I do love the cutesy little Easter egg crafts, really I do, but while my children are young and not actually capable of completing them independently i just don’t see the point in doing them. There’s so much emphasis placed on achieving an end result, a pristine product to be proudly displayed, that we so often forget what these activities should really be all about. And that is children investigating textures and materials, discovering new abilities, being creative and imaginative, using their own initiative and learning how to play independently.
And that is why I love our Discovery Box idea so much, even though I’ve no doubt its “purpose” could confuse people. When I offer the girls a selection of materials I usually have no idea what they will plan to do with them and I just love to watch them investigating how objects move or open, whether they can be stacked or rolled, if they will fit inside other objects, how many there are and what they look and feel like. At ages 2 and 1, this is heuristic play at its basic root level- simply playing with objects. No end purpose in mind, no right or wrong, no little eyes and nose that have to be stuck on “just right”, just open-ended resources to encourage cognitive development and promote new ways to think and see.
And with all that said, here is what was in the latest box/basket. A selection of shiny, coloured, plastic eggs (Sainsbury’s £2.) A pile of little bells of various sizes which made a lovely noise when shaken.
First of all they opened them all up. Then Baby Pop spent a long time concentrating hard trying to close them together again. She didn’t succeed at keeping them shut but did work out the open-close function.
Cakes wanted to open them all up and started to make them into a line on the floor and counted them as she did so. She said “it’s a wiggly worm.”
When C saw the spoons she started to mix up the bells, eyes and buttons in a frenzied cooking session, flinging them around the basket and out onto the floor. Cue much hilarity, as always! Then she scooped some bells into an egg and closed it with the other half to make some lovely jingly shakers, perfectly sized for little hands to hold. She continued with this, filling up lots of eggs with the various buttons and bits and pieces, until she had a whole box full. Baby Pop was allowed to have some and she was thrilled at the noise they made when shaken and rolled.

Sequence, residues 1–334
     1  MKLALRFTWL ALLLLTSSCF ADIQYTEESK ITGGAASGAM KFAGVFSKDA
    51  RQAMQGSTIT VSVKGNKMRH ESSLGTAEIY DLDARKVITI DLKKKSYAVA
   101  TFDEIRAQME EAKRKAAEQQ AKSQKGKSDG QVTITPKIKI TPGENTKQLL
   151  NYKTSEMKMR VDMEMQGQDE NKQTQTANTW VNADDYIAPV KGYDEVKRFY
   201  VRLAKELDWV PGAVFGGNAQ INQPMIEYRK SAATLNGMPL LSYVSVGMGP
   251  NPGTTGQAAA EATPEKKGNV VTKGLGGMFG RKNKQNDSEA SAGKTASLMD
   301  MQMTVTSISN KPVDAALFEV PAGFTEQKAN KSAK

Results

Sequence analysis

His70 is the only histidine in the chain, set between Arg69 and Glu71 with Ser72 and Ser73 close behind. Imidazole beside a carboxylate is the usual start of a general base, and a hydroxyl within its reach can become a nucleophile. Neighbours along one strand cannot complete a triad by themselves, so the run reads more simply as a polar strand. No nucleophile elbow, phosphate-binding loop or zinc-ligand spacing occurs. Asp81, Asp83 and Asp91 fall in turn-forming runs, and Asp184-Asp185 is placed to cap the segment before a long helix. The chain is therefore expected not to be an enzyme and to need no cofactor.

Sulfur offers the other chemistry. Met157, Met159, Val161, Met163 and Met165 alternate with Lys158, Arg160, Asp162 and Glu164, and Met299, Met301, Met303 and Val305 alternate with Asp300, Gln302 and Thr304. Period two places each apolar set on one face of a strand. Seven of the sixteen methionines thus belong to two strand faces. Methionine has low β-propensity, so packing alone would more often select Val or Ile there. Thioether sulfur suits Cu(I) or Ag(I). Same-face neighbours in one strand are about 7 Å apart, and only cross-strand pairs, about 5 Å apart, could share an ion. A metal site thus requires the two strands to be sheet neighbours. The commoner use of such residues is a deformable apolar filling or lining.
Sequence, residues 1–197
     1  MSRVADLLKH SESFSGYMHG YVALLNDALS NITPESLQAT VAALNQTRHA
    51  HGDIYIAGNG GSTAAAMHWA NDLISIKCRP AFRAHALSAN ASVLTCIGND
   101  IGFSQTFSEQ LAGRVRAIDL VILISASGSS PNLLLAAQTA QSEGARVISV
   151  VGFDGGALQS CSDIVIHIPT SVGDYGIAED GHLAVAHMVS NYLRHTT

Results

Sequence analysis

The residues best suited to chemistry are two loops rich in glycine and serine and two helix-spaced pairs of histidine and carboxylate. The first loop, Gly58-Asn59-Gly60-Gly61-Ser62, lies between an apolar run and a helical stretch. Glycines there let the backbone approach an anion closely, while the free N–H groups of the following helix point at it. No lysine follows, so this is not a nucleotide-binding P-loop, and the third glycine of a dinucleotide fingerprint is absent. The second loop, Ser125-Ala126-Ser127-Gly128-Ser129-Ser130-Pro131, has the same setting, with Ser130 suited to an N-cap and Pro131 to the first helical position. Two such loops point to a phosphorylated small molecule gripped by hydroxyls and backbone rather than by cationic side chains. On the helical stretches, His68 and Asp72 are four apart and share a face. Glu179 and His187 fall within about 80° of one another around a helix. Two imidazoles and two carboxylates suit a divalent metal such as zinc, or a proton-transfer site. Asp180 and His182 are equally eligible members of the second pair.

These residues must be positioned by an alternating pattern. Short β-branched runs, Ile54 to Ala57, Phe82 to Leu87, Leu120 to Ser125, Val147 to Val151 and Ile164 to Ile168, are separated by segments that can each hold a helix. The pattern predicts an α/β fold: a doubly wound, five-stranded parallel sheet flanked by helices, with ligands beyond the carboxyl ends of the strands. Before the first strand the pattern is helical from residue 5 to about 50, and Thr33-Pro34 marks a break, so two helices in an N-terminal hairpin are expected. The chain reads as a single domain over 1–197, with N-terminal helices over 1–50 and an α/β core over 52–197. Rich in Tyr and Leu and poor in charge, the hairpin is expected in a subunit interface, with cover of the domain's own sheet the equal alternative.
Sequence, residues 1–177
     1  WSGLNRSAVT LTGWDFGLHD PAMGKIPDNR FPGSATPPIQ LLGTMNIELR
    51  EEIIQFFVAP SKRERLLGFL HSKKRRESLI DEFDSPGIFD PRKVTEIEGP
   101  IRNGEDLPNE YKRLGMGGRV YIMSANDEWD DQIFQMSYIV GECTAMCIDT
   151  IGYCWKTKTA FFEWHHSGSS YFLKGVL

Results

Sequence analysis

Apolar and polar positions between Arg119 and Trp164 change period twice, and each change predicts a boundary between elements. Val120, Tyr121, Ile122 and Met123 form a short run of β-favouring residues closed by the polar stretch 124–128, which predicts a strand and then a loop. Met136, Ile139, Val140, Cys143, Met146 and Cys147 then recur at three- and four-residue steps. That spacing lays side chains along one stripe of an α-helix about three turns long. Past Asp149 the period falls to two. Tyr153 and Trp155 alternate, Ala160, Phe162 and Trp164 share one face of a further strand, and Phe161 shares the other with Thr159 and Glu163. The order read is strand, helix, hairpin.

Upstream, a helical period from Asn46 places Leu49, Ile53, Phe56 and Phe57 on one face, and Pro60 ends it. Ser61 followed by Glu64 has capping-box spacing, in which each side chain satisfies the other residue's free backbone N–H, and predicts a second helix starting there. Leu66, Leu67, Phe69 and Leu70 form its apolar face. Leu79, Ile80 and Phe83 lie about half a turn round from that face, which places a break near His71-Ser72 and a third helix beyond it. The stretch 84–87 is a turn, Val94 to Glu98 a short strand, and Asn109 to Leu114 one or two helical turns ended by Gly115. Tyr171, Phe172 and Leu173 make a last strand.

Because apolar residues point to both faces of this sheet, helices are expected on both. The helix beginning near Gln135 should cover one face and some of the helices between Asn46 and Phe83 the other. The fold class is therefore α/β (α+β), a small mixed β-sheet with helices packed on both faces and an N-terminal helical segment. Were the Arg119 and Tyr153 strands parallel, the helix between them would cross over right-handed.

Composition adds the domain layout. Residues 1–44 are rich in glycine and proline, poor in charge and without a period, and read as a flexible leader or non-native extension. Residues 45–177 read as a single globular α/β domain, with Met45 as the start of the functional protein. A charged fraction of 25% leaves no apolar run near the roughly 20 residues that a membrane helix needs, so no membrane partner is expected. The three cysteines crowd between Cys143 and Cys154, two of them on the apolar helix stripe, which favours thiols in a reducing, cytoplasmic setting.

Baby Pop started to put some of the halves on top of each other and together they both built a few little leaning egg towers.
And interestingly, C discovered the flatter halves fitted perfectly in the up-side-down sections of the box. Something I wouldn’t even have looked at, let alone suggested doing.
Later that day she took them all out to her water-filled TubTrug, tossed them in and then spent ages trying to fish them out with her new fishing net! Great gross motor activity and totally child-designed.
Then of course she needed to “put them out to dry” in the sunshine. There’s a little bit of science in that to be sure! And the cardboard tubes that were in the Discovery Box? Not interested in those one little bit!
This activity is good for:
* open ended thinking and investigative skills
* fine motor manipulation of objects
* exploring textures and materials
* early literacy: listening skills and discriminating sounds
* making instruments and creating music
* early maths: counting using 1:1 correspondence/ sorting and matching/ filling and emptying
* gross motor skills and co-ordination
* knowledge and understanding of the world: floating/ wet and dry/ music/ instruments